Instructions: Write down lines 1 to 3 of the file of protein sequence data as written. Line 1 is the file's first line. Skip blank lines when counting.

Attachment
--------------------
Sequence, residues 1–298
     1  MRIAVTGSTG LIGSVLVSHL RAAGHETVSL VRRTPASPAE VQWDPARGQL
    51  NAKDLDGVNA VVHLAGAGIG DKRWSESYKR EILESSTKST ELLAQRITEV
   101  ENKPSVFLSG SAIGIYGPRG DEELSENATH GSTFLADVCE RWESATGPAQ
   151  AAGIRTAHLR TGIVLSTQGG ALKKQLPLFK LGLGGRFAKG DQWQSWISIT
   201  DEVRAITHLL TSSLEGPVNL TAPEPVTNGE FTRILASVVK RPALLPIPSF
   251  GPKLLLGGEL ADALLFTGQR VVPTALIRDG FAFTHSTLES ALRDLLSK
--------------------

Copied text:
Sequence, residues 1–298
     1  MRIAVTGSTG LIGSVLVSHL RAAGHETVSL VRRTPASPAE VQWDPARGQL
    51  NAKDLDGVNA VVHLAGAGIG DKRWSESYKR EILESSTKST ELLAQRITEV